COVID-19 Will Spur Permanent Change in Healthcare
U.S. healthcare is archaic but COVID-19 has forced it to rapidly change. Health systems are now being pushed to move beyond their pen to paper method and adopt technologies they put aside for too long. While the pandemic continues to rear its ugly head, there are long-lasting and positive changes that will remain.
1. The Doctor’s Office is Virtual
Telehealth is front and center in the COVID-19 era and the Trump administration has reduced major barriers that have inhibited physicians from using it in the past. Due to that effort, Forrester Research reported that in March alone telehealth visits surged by 50%.
Beyond virtual visits, we’re also seeing an increase in remote patient monitoring tools which is a subcategory of telehealth that allows patients to use mobile medical devices and technology to gather patient-generated health data and send it to healthcare professionals. The FDA issued guidance to expand the availability and use of these tools in the wake of COVID-19. Digital health companies, like our client AliveCor, actively responded to this guidance by offering their KardiaMobile 6L device to monitor and measure long QTc, a side effect of some of the drugs used to combat COVID-19, which can lead to sudden cardiac arrest.
With the large emphasis on telehealth tools, investment in the space continues to surge as evidenced by the nearly $788 million in Q1 funding alone. This trend will continue as simple diagnostic readings, like blood pressure and heart rhythm monitoring, and physician consultations will be handled remotely on the patient’s time.
2. Mental Health is a Chronic Illness
Mental health is a burgeoning healthcare crisis that has been further magnified by COVID-19. Social distancing, while keeping us safe, also spurs feelings of isolation, anxiety and depression. The Kaiser Foundation reported that nearly half of Americans feel that the coronavirus has negatively impacted their mental health.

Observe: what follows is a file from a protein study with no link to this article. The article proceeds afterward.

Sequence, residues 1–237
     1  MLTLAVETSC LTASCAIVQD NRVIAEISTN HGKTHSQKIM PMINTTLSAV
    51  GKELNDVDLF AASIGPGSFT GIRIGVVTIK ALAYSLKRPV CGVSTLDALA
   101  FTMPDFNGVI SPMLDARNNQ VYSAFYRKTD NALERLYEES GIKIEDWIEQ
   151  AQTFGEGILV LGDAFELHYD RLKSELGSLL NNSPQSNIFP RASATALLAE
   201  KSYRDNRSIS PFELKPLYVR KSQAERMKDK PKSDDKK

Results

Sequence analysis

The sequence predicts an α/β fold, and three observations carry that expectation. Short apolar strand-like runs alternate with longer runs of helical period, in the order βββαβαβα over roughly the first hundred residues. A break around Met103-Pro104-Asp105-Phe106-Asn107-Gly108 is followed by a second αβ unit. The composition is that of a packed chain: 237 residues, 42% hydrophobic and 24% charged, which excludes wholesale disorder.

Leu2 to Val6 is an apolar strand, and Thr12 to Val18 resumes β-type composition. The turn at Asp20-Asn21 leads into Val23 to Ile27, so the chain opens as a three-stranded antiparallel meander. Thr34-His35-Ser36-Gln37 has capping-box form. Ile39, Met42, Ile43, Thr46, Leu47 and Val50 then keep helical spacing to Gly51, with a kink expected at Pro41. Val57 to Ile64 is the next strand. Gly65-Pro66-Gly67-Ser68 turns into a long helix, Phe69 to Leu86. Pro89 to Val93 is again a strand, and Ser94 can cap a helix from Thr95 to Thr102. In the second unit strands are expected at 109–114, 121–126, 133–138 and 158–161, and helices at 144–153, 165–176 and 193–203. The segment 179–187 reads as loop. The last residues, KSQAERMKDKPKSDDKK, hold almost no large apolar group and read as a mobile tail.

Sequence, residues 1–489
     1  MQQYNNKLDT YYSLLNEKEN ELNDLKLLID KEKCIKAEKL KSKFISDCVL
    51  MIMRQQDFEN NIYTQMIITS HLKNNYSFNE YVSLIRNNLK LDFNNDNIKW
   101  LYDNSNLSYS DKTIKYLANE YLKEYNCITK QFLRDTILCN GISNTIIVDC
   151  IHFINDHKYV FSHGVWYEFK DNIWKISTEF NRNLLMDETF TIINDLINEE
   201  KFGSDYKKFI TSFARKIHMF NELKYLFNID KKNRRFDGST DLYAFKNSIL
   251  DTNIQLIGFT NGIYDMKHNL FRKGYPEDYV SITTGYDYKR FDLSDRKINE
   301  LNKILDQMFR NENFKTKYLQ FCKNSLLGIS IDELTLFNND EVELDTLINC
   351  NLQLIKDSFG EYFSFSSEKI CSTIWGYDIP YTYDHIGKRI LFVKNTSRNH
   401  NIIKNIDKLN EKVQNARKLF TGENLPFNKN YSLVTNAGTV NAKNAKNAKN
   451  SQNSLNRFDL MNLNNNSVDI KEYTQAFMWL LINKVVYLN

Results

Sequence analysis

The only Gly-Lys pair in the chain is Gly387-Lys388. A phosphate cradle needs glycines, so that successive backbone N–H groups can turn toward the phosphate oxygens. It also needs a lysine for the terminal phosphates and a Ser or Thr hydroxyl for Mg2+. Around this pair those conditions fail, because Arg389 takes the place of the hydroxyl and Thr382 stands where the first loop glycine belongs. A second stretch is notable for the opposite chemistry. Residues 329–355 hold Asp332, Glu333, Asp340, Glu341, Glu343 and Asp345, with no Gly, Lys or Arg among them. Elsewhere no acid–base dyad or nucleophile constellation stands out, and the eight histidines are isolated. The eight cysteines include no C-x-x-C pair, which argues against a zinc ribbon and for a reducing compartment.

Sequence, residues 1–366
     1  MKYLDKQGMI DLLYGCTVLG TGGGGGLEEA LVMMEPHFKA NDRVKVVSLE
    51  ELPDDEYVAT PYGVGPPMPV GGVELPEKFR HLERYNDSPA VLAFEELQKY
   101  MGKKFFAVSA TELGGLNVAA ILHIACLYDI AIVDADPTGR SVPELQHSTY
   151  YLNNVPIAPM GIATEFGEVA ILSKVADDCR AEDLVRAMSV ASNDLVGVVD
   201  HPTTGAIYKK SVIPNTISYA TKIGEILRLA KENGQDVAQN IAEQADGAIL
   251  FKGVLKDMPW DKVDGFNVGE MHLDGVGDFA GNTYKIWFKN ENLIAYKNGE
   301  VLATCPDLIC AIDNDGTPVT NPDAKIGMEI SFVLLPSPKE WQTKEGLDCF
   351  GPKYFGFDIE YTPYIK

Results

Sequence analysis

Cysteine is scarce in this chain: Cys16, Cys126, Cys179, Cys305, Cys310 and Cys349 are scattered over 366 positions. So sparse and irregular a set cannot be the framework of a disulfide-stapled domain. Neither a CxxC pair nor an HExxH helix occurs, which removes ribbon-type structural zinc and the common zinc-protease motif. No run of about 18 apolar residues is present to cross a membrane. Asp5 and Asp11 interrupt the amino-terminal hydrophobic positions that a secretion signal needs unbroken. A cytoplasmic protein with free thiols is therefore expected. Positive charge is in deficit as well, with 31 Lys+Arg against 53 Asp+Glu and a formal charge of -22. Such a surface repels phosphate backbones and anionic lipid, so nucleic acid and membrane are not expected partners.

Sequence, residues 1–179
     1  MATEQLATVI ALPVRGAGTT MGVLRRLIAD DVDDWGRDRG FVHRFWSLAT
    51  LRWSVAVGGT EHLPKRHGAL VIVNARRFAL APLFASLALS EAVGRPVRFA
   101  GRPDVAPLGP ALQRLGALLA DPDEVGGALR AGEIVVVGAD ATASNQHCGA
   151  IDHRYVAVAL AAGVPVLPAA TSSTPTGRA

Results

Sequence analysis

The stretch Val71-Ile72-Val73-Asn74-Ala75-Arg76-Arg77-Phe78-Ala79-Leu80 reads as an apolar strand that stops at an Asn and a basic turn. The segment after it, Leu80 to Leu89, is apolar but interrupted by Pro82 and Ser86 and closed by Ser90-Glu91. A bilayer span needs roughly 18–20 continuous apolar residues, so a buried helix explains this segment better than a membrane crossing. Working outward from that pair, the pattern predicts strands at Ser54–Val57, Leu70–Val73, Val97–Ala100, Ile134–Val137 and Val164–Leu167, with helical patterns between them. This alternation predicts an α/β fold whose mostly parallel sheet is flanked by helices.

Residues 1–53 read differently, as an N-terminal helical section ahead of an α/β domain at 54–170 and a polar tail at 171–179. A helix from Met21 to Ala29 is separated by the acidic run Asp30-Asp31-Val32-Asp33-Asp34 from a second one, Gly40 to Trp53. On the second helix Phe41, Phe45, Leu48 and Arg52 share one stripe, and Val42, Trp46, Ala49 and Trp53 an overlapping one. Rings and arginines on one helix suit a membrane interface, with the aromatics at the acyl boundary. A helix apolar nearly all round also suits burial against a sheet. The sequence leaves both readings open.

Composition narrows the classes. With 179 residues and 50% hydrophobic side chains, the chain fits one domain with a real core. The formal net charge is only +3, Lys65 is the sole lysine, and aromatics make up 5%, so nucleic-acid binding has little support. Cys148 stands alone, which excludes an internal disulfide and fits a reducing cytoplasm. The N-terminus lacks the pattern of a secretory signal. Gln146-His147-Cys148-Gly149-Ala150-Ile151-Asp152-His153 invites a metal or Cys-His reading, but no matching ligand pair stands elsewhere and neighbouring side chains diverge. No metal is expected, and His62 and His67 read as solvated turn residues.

Similar to general healthcare practitioners, there has been a focus on enabling behavioral health specialists to provide care virtually. However, a recent POLITICO article shared how, despite alleviated regulations, there are still difficulties in reimbursement, and some mental health professionals remain preferential towards in-person visits. We’re also seeing that private sectors are finally investing in mental health companies starting to offer their services as part of their coverage. While there is some support from both the public and private sector, it’s not enough to meet the demand.
Similar to remote patient monitoring, more investments will be made to expand access to behavioral health services as mental health will be categorized as a chronic illness and become ingrained in the healthcare delivery model in a post-COVID world.
3. Value-Based Care will Become the Only Model
The pandemic is causing health systems to think critically about their resources and capacity. They are unable to treat individuals in the same way as they cater to the growing numbers of COVID-19 positive patients.
While extreme, this is value-based care in action. The Affordable Care Act mandated that health systems think critically about how they treat patients – saving hospital beds for those most in need and treating those with less severe issues outside of the traditional healthcare setting. We’re also seeing the same consideration from patients who are now tapping their primary care doctors for more and using telehealth for less urgent matters.
As investment towards digital healthcare innovation continues, we can expect the industry to strategically consider how it cares for patients at large. We’re transitioning away from the era of needing to see our physicians in-person to receive quality care and embracing the benefits of telehealth and remote patient monitoring.
Value-based care will be the only model we track towards moving forward.